Opinion: For Germany′s private practice doctors, vaccinations are business boosters | Opinion | DW | 25.01.2022

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Opinion

Opinion: For Germany's private practice doctors, vaccinations are business boosters

While nursing staff on Germany's COVID wards take home modest salaries for the superhuman jobs they do, doctors in private practice are making a tidy sum with vaccinations, says DW's Marco Müller.

Two blue gloved hands, one holds a child's arm, the other admimnisters a shot

Vaccinations, a lucrative business model

The coronavirus pandemic has been costing the government — and thus the taxpayer — a lot of money. That is fine as long as there is a medical, economic or social necessity. But not when individual professional groups are handed gifts at the expense of the general public.

Late last summer, the government closed the vaccination centers that had been set up at short notice and at great expense six months earlier. Allegedly, they were too expensive to operate in view of the fact that few people were still venturing in for a COVID shot. But just weeks later, experts were advising the public to get booster shots and authorities had to figure out a way to offer these to as many people as possible, as fast as possible. 

Generous compensation

Before the general election, Jens Spahn, the federal health minister at the time, chose a simple solution: He raised the flat rate for a COVID shot administered by general practitioners from €20 ($22.6) to €28 — an on-the-spot 40% increase as of mid-November.

Considering how fiercely the nursing staff in the coronavirus and intensive care units had to fight for a little more pay in view of almost two years of continuous service, that is a surprising figure. Especially since private practice doctors — doctors who own their own practices — in Germany already earn well above average. After deducting all practice costs, they gross an average of €200,000 ($225,000) to €250,000 a year. Specialists can make upwards of €400,000. 

Marco Müller

DW's Marco Müller

But that's not all: Karl Lauterbach, Germany's new health minister, increased the sum doctors made for every vaccination between December 24, 2021 and January 9, 2022, to €36 ($41) — and he did so just as quietly as his predecessor. To keep the booster campaign going at the turn of the year, the fee that was originally meant only for vaccinations on weekends and holidays was shelled out every day during that period, a figure 80% higher than the original €20.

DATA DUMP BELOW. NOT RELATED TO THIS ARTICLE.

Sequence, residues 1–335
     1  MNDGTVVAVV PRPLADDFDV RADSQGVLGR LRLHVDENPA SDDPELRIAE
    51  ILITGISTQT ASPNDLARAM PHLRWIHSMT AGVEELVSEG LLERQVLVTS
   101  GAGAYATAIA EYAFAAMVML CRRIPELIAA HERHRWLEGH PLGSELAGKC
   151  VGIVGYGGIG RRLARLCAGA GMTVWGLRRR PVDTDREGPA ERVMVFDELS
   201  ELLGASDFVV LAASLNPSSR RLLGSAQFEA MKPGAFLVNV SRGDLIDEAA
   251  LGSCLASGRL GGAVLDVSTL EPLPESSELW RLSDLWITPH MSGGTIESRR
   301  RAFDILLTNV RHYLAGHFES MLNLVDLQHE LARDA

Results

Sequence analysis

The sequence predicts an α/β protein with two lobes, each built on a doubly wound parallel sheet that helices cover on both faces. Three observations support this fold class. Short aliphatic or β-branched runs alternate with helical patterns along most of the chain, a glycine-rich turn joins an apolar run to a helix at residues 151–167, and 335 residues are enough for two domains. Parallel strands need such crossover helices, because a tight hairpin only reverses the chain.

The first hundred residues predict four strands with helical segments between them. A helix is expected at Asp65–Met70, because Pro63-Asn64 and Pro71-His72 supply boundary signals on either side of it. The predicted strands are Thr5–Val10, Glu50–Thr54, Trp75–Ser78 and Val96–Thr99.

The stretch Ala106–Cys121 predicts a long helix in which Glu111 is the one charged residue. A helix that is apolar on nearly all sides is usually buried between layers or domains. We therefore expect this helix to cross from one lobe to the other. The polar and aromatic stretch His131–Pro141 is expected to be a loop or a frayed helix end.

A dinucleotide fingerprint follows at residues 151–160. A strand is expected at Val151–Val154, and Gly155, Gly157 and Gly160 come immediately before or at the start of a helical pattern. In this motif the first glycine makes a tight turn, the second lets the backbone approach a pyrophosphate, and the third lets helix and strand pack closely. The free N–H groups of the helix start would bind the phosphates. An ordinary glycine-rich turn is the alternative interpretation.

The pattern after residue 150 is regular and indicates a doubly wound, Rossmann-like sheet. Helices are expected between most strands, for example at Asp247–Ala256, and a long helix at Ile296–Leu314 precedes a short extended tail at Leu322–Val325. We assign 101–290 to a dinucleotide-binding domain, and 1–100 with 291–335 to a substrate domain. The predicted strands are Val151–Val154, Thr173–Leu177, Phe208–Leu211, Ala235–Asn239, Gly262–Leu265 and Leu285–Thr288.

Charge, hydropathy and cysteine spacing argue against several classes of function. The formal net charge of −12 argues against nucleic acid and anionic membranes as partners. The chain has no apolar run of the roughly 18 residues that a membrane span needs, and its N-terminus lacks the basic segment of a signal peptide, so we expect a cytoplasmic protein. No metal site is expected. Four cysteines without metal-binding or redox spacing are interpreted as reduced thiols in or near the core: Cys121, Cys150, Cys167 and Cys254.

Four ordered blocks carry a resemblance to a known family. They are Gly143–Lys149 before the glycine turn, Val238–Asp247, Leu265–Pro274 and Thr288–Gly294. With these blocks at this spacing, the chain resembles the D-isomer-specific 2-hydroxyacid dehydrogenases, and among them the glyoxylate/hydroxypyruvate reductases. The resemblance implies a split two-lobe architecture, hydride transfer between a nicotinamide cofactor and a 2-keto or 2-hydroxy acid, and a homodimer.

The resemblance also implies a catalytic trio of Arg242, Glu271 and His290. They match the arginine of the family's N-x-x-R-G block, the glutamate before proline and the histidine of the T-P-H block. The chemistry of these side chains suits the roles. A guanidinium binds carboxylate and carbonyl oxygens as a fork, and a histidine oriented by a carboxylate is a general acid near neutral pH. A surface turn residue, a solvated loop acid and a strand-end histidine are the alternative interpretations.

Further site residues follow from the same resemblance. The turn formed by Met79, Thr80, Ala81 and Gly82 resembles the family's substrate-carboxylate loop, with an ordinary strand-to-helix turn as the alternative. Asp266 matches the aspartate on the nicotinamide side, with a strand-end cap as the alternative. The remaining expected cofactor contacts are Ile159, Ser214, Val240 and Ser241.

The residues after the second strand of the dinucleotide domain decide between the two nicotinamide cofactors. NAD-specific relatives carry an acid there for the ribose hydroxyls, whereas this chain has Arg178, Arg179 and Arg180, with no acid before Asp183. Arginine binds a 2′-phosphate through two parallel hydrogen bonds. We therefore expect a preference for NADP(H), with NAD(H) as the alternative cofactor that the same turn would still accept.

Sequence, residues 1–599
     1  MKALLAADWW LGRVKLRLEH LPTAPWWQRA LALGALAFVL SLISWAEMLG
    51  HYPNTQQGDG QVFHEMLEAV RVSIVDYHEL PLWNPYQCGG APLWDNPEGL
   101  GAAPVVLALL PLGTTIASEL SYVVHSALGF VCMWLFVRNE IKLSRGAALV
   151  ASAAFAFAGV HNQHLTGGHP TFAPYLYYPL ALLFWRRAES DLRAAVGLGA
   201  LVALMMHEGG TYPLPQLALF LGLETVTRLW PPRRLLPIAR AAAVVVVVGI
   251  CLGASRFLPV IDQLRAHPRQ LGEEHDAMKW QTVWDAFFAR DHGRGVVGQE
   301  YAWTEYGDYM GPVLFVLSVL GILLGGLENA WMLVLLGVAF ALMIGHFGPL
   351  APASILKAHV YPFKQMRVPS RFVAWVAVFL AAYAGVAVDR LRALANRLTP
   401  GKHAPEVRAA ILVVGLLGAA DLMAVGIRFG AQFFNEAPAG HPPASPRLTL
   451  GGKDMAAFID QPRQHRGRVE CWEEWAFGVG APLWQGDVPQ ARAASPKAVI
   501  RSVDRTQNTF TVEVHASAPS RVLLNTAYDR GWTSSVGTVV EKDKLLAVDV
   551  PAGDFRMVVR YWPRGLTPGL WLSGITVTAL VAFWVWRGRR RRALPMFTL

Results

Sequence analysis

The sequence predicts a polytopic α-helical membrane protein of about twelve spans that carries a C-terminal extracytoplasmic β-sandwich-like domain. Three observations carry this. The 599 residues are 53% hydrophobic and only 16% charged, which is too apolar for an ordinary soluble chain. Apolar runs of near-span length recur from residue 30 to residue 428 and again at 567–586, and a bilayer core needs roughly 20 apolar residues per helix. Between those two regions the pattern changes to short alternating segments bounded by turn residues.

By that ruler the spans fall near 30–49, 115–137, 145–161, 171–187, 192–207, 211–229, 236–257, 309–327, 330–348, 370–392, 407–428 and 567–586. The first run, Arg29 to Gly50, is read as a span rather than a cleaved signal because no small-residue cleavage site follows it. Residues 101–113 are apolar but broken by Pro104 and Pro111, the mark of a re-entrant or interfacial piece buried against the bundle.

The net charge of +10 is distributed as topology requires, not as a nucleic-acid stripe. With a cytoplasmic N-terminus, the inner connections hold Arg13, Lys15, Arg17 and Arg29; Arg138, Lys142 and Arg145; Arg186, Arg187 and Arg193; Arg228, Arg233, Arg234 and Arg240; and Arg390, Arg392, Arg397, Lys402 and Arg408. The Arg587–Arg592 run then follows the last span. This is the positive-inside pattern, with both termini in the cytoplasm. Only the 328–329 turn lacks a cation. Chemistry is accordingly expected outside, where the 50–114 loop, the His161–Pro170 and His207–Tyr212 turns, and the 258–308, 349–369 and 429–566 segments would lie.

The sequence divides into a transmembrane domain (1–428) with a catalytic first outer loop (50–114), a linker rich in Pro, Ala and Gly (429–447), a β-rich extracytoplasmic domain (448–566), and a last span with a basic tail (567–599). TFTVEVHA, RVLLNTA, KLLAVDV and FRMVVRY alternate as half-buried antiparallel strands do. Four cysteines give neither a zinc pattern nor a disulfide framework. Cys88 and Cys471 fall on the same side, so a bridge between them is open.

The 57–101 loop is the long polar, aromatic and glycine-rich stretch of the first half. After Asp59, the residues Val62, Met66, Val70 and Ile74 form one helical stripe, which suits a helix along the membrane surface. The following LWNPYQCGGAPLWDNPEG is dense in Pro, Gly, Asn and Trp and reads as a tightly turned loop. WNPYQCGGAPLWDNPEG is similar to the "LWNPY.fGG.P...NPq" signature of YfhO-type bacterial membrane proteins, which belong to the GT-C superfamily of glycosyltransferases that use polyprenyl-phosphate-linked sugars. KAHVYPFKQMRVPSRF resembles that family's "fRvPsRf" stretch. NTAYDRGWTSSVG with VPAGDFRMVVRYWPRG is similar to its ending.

Criticism from health insurers

The remuneration seems even more generous when compared with other vaccinations, for instance the €8 commission for a flu shot. As a rule, goods and services that are provided in series, like COVID vaccinations, get cheaper. It makes no sense for a coronavirus inoculation to cost 3.5 – 4.5 as much as an average shot. The doctors have arguments at the ready, of course: There is a lot of paper work, the process is very bureaucratic, scheduling is difficult, they must make time for discussions with patients, and bear a lot of responsibility. Basically, what doctors do every day.

That begs the question why the health insurance companies approved such generous vaccination fees. The answer is, they didn't. COVID shots are not paid for by the health insurers but by the Federal Office for Social Security, i.e. by the state — in short, the German taxpayer. The umbrella organization of German health insurers said it considers a payment of up to €10 to be appropriate, about a third of what is currently being shelled out. Unfortunately, the statement passed most of the general public by.

Watch video 02:16

COVID: Germany's nurses and doctors pushed to their limits

Many doctors would vaccinate for less

Do doctors really need financial incentives? They took an oath to help people, after all, and that doesn't square with using a pandemic emergency for personal gain. But blanket condemnation won't do, either — some private practice doctors say they would vaccinate for less. Doctors who signed up to work in a vaccination center thinking it was an unpaid, voluntary job found they were being paid up to €175 per hour. Clearly, paying such sums to doctors who neither need nor want financial rewards is a political failure.

Yet many doctors have discovered that vaccinating is indeed a profitable business. But it's not a fair one. Many people have lost a good part of their income because of the pandemic, while still contributing to doctors' high vaccination fees with their taxes. There's no fairness or solidarity to this. It is another example of why social inequalities and divisions continue to worsen. Would the vaccination campaign collapse if doctors were paid the same for the COVID shot as for any other vaccination? Probably not. And if it did, that too would be a valuable insight.

This article has been translated from German

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